2010 Fall

The NEHA Fall 2010 Conference was held at the University of New England, Biddeford, Maine on Saturday, October 16, 2010.

Download the full Conference Program (current as of 9/17/10)

Recommended accommodations or NEHA conference rates: Hampton Inn Saco/Biddeford, Holiday Inn Express Saco Plaza, and the Comfort Suites, Biddeford.


Registration and Coffee, 8:00-8:30

First Session, 8:30-10:00

Later 19th-Century. U.S.
Chair/Commentator: Bruce Cohen,Worcester State University
Harry Turner, Stevenson University, “Immortal Aldrich!”
Rhonda Chadwick, Simmons College, “Anthony Comstock – Defender of Youth.”
Richard Canedo, The Lincoln School, “It’s all in the Timing: Vaudeville and the Transformation of American Popular Music, 1880-1910.”

Cold War History
Chair/Commentator: Paul Burlin, University of New England
Matthew J. Clarcq, Niagara Community College, “Searching for Balance: Cultural Protection, Military Necessity and the Cold War.”
Michael Holm, Boston University, “Henry Cabot Lodge, Jr.: A Journey from Neutrality to Cold War.”
Robert Niebuhr, Wentworth Institute of Technology, “Power of Reform: Foreign Policy in the Balkans.”

African-American History
Chair/Commentator: Eileen Eagan, University of Southern Maine
Katrina Anderson, University of Delaware, “19th-Century Free African-American Women in New England.”
Martin Whittemore, Memorial University of Newfoundland, “Supported by the Sea: Antebellum Portland’s ‘Households of Colour.’”
Margaret Sumner, Ohio State University, “From Maine to Monrovia: John Russwurm’s Atlantic Vision, 1830s-1850s.”

Women in New England
Chair: Laura Prieto, Simmons College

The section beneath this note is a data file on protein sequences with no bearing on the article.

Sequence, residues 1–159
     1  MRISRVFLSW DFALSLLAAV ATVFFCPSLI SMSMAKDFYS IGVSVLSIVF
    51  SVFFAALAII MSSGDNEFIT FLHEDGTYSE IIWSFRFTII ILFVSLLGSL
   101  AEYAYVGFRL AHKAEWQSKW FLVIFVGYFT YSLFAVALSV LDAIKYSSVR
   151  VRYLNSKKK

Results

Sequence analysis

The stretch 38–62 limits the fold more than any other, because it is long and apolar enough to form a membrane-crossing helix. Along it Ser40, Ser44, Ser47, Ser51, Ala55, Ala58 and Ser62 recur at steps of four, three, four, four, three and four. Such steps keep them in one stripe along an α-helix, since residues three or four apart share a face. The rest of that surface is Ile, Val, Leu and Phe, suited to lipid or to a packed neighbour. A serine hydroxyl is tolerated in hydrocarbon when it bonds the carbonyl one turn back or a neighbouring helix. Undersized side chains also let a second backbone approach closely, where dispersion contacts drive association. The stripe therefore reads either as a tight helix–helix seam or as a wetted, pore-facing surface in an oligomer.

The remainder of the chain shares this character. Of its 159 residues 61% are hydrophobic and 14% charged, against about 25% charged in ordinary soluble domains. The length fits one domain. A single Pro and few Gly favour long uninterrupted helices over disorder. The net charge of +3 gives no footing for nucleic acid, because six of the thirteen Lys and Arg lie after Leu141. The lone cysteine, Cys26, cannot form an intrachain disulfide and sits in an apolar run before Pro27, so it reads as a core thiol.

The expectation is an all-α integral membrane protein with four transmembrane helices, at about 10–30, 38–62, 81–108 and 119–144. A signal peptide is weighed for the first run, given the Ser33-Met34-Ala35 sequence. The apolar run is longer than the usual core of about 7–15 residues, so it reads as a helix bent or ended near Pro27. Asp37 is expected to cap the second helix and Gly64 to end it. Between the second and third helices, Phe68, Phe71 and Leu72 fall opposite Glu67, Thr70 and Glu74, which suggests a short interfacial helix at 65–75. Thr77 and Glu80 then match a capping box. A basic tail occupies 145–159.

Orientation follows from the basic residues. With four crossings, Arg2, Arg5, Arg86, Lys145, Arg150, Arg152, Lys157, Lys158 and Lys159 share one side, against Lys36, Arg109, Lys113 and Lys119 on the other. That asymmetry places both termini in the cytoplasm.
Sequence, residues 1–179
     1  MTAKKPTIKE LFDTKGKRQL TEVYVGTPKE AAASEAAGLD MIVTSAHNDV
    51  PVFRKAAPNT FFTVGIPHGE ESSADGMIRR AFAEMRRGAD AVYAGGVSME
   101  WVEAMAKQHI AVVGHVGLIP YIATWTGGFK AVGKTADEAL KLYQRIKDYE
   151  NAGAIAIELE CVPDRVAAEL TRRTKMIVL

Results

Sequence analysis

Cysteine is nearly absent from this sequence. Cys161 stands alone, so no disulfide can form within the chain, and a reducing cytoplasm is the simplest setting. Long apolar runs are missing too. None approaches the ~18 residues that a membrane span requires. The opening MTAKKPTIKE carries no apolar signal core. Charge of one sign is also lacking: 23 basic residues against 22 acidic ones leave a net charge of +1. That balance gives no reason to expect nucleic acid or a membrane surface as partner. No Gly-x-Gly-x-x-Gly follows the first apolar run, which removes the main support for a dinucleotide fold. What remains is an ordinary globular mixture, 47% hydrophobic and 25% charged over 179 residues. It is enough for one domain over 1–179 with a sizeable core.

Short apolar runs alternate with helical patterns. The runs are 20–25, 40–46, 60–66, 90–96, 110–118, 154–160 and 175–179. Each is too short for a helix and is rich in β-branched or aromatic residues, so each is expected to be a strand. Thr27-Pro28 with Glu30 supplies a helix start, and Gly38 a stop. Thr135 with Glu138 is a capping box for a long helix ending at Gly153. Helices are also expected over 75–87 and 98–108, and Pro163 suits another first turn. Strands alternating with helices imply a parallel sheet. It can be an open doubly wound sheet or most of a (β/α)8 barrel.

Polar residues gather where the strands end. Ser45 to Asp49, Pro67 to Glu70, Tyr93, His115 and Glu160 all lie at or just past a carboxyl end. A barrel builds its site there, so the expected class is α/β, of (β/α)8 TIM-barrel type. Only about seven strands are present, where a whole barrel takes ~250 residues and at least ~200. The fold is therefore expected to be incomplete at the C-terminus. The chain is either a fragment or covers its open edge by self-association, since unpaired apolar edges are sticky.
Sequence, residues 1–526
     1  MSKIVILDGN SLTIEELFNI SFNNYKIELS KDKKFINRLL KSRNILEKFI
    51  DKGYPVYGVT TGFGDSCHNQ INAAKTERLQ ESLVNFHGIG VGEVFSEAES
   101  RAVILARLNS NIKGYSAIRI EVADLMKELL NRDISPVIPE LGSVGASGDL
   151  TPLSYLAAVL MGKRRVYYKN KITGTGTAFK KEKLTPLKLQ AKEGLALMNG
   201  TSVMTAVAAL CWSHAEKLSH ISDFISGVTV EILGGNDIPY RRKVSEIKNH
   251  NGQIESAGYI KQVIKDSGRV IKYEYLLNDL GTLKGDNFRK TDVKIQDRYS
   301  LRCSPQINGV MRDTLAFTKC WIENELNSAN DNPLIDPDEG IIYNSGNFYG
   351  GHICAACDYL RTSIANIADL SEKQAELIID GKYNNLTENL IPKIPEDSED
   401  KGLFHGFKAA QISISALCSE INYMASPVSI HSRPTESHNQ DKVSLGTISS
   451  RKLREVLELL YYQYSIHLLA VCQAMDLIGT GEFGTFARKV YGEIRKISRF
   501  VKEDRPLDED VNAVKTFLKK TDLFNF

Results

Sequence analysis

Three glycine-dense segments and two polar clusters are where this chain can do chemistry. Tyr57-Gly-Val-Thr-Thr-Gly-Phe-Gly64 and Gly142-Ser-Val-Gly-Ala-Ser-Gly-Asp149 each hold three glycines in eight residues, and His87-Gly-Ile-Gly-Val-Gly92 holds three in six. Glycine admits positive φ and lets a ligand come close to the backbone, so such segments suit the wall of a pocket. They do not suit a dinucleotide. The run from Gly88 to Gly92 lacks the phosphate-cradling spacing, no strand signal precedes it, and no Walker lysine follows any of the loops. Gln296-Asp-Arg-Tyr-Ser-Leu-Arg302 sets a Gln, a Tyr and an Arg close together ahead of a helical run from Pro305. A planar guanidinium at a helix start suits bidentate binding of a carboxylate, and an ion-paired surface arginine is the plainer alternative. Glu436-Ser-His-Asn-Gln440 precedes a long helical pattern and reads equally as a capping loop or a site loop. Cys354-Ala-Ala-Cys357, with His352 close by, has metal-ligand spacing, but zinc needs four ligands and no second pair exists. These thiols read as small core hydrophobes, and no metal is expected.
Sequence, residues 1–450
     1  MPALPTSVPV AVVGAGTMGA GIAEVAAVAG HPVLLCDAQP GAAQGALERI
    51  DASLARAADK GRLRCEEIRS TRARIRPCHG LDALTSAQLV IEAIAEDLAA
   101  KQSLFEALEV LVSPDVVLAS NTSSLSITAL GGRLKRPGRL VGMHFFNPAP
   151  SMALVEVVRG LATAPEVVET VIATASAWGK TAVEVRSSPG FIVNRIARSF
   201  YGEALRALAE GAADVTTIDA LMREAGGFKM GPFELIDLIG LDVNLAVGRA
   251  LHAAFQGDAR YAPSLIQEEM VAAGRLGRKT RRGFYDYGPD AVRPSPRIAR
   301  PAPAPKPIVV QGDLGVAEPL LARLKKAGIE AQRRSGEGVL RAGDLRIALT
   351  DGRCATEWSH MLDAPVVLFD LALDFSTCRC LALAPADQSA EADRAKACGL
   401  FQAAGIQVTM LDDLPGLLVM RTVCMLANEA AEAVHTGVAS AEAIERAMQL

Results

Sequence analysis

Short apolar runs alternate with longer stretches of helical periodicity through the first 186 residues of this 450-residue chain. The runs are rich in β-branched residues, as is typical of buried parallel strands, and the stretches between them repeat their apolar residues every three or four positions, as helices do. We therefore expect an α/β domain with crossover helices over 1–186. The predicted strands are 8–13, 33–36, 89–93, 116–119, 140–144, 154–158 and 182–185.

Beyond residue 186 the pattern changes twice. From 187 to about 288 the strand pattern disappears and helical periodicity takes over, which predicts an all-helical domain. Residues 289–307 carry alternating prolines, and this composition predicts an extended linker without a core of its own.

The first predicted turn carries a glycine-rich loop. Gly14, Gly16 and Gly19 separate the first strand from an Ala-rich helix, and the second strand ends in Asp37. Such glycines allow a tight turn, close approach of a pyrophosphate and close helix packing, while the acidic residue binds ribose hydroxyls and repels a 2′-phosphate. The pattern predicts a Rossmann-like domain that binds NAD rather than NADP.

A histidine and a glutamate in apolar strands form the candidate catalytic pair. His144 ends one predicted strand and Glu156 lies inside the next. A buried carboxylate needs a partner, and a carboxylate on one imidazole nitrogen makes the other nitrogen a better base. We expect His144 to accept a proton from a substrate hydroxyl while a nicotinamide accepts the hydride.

Commentator: Tona Hangen, Worcester State University
Kristin Murphy, Columbia University, “Stubborn Children, Lewd Women, and Manslaughterers: A Profile of Inmates at the Massachusetts Reformatory Prison for Women, 1877-1933.”
Jessica Hynes, Quinnipiac University, “Separate Spheres and the 1870s Tax Resistance of Julia and Abby Smith.”
Jascin Finger, Nantucket Maria Mitchell House, “The Daring Daughters of Nantucket Island: How Island Women from the Seventeenth through the Nineteenth Centuries Lived a Life Contrary to Other American Women.”

Medieval Europe
Chair/Commentator: Kathleen Ashley, University of Southern Maine
Anure Guruge, Independent Scholar, “How Papal Conclaves Came to Be.”
Thomas Jackson, Rivier College, “The Concept of a Crusade.”
Julianne Cooper, Southern New Hampshire University, “Vampires and Saints: Corpses that Don’t Rot.”

Modern Britain
Chair/Commentator: Mary Conley, College of the Holy Cross
Eddie Guimont, University of Connecticut, “Two-Nation Toryism: The Conservative Use of Minorities in the Thatcher Era.”
Eric Zuelow, University of New England, “’Back to the Local:’ The Evolution of Pub Nostalgia since 1880.”
Jonathan Shipe, Lynchburg College, “Class, Love, and Consequences: Intersections of Class and Gender in British Divorce Proceedings, 1848-1858.”

Chair/Commentator: TBA
Lei Duan, University of Massachusetts, Amherst, “Gentry and Educational Reform in Local Society: The Case of Wuxi in late Qing Dynasty.”
Josh Sooter, Northeastern University, “‘Gone Mosleming:’ Perception, Exchange, and Confrontation between Missionaries and Chinese Muslims, 1910-50.”
Sean Lent, University of Southern Maine, “Futile Democracy: Fukuzawa Yukichi and the Movement for Westernization in 19th Century Japan.”

Confronting Modern Times in Vermont, 1900-1940
Chair/Commentator: Dona Brown, University of Vermont
Stephen Hausmann, University of Vermont, “Inside the Vermont Commission on Country Life.”
Philip Moore, University of Vermont “Burlington’s Leaders Confront the Slums.”
Brittany Neiles, University of Vermont, “Inside the Vermont Federal Writers’ Project?”

Book Exhibit 10:00-10:30

Second Session, 10:30-12:00

Massachusetts in the Colonial Period and the Early Republic
Chair/Commentator: Warren Riess, University of Maine
Robert Smith, Worcester State University, “Foreign Affairs and the Ratification of the Constitution in Massachusetts.”